Bigfork

When Dinner Was Big Game


First fur, then logs, drew pioneering people over the centuries to support emerging trading and business opportunities on The Edge of the Wilderness.

Fur Fit the Bill

Imagine the trading - American Indians exchanging beaver furs for the tools and weapons of French voyageurs. Bigfork was an important fur trade route at the confluence of the Rice and Big Fork Rivers.

The first white settler of Bigfork, Damase "Uncle Tom" Neveaux understood the workings of the wilderness. Neveaux hiked here as a squatter in about 1887. Squatters lived on land illegally, without title or payment for it. Once the government opened the land for settlement, most squatters put in claims for the property on which they had been living.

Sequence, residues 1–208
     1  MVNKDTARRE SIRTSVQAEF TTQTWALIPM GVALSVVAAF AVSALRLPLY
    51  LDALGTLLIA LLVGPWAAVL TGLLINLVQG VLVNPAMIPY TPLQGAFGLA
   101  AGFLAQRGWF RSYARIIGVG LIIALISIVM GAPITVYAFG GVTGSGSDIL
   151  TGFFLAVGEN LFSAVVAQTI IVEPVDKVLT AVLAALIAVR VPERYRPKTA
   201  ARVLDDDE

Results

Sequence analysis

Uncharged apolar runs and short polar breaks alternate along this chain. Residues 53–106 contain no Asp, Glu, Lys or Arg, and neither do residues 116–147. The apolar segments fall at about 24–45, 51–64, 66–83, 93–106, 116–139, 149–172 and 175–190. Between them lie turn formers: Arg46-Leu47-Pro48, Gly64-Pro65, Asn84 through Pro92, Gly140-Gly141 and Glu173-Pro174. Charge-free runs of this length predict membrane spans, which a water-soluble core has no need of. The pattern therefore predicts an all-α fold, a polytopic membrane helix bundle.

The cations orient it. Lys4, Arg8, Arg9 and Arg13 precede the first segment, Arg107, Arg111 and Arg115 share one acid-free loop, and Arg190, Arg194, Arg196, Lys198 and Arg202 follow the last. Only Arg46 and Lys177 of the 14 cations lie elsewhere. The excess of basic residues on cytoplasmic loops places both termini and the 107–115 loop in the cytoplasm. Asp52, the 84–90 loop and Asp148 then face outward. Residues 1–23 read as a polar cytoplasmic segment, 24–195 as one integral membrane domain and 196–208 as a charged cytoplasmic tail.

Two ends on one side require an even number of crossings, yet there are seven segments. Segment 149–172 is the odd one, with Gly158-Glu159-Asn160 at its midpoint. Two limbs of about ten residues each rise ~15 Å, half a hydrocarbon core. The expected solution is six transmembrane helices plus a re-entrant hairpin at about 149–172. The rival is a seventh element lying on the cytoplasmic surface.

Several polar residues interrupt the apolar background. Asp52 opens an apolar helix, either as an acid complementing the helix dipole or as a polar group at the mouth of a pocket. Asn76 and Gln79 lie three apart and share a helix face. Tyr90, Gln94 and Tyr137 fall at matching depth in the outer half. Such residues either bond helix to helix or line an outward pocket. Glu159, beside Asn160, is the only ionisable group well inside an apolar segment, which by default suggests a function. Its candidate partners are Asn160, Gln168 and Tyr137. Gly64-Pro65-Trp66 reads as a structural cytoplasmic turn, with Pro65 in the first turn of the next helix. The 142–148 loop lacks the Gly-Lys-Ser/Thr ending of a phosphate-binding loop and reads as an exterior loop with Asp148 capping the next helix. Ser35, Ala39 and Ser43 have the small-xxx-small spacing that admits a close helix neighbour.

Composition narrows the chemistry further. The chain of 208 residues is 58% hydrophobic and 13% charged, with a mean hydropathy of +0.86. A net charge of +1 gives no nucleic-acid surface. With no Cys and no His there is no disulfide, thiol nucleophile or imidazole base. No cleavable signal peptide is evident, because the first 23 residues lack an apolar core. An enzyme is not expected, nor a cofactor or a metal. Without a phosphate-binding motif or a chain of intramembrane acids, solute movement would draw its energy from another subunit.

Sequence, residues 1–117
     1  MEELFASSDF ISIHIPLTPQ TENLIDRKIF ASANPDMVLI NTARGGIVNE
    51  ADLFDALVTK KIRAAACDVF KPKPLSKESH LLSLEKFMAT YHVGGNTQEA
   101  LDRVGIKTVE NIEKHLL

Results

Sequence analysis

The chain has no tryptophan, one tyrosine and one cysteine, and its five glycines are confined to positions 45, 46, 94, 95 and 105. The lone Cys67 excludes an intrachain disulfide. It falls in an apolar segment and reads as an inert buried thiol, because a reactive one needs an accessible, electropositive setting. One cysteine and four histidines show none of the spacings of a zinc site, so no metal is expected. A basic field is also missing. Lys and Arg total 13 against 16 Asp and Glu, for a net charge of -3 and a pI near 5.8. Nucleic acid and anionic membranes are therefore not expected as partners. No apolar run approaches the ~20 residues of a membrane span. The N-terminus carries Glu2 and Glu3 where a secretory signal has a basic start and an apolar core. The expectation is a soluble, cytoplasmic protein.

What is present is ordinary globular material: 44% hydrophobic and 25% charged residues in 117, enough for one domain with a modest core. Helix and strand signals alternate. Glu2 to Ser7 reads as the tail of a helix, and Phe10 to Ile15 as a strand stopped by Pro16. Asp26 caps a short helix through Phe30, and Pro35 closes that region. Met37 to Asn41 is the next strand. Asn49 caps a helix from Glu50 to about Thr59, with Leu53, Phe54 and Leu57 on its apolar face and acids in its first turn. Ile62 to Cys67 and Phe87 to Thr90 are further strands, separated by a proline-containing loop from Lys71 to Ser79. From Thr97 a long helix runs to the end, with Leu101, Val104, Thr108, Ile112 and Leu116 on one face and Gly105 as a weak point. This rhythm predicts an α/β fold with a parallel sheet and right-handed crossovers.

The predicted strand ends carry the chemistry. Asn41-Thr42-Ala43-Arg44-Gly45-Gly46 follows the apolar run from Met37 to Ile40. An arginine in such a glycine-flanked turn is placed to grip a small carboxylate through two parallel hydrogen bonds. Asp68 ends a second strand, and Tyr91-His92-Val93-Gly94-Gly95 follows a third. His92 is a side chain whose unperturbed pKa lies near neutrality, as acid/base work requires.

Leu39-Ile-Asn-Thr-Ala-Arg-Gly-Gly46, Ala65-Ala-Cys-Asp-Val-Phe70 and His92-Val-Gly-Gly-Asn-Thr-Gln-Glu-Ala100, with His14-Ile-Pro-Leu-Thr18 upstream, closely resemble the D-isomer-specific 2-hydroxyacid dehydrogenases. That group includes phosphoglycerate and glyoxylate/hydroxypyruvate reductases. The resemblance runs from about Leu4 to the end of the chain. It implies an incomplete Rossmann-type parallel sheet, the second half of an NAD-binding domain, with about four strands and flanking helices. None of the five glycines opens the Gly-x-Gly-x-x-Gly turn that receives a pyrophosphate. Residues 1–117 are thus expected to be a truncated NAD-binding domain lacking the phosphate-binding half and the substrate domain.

When Damase Neveaux arrived, he quickly set about creating business opportunities for the loggers to come. He was affectionately

Bigfork

Bigfork

named "uncle" because of his hospitality. Tom is the English translation of the French name Damase. Uncle Tom called all his meat dishes "chicken." Actually, the meals were made of muskrat or other local game he captured, minus the fur or feathers.

Pioneers Preceded Legal Land Opening

Timber became an eagerly-sought prize from the area. Illegally-cut pine was floated down the river by both Canadian and American lumberman. Land was not officially opened for settlement until 1900, the year after the federal land surveys were completed.

Before the railroad reached Bigfork in 1906, Neveaux and other early settlers got their supplies from Grand Rapids by canoe, a trip that usually took at least a week. There certainly wasn't any spur of the moment shopping back then. Log harvesting remains important today as do jobs supporting outdoor recreation and tourism.


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